“There are some good people working at the TennCare Bureau who care about the consumers,” adds Lisa Wilson, program director of the TennCare Partners Advocacy Program, a sort of agency ombudsman, “and there are also plenty of people who are charged with looking at finances, and that seems to be the bottom linethat’s what managed care is. The budget is the primary issue.”
In July 1996, TennCare Partners was “carved out” of TennCare to handle mental health and addiction treatment services separately. It would delegate those services to five managed care companies known as behavioral health organizations (BHOs). Those competing firms ultimately merged into twoPremier Healthcare Systems and Tennessee Behavioral Healthwhich then contracted for care with treatment facilities, some of which were in their own corporate families.
Not long after Partners was implemented, heated opposition came from not-for-profit Community Mental Health Centers, which provided mental health and treatment services to clients in their locales but were not seriously considered able to handle BHO status for Partners. In addition, the state-run Regional Mental Health Institutes expressed concern that Partners might adversely affect their programs. Both claimed, among other things, that a substantial portion of Partners’ $323 million first-year budget would otherwise have gone to direct community services. Of that Partners budget, the state took $6.8 million for administration; the rest went to the BHOs, which were to provide treatment and were allowed 10 percent for administration and profit. Facing severe loss of revenues, many of the nonprofit mental health centers scrambled to lay off workers; at least one closed altogether. Many claimed the safety net they had provided for so long simply disappeared.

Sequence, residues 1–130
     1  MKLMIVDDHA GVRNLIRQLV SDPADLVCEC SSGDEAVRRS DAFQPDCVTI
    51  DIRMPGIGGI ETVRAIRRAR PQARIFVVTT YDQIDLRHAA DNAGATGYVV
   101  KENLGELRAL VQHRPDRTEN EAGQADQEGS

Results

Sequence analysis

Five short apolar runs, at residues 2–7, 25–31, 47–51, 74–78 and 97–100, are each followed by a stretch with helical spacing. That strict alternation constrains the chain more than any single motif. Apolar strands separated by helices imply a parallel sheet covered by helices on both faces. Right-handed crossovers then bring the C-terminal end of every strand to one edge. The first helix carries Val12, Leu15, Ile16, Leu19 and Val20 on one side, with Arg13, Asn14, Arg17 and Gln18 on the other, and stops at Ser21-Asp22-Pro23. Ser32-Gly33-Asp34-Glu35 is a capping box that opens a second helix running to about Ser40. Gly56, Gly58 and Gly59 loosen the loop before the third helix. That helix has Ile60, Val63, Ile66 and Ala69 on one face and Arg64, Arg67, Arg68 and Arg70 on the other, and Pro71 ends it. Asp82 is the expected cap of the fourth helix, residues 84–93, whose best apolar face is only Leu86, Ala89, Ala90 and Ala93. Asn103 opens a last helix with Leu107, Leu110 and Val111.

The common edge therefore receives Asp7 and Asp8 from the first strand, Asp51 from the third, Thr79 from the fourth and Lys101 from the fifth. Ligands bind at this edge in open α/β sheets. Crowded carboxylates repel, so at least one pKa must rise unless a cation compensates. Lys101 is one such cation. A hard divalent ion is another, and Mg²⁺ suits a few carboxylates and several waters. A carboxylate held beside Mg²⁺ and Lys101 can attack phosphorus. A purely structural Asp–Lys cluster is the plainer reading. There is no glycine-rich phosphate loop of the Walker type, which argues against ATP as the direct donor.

There was generally acknowledged confusion and discontinuity of care. Physicians, patients, and mental health providers all had trouble dealing with the new system, and the rapid switch from Medicaid to Partners was strongly opposed by the Tennessee Medical Association and the Tennessee Academy of Family Physicians, among others, while the Tennessee Alliance for the Mentally Ill was among those expressing grave concerns.
Almost at once, the TennCare Division of the state Department of Commerce and Insurance found what it termed “deficiencies” in the operations of both Tennessee Behavioral Health and Premier Healthcare Systems, “including deficiencies in the claims processing area.” As a sanction, the state began withholding 10 percent of its payments.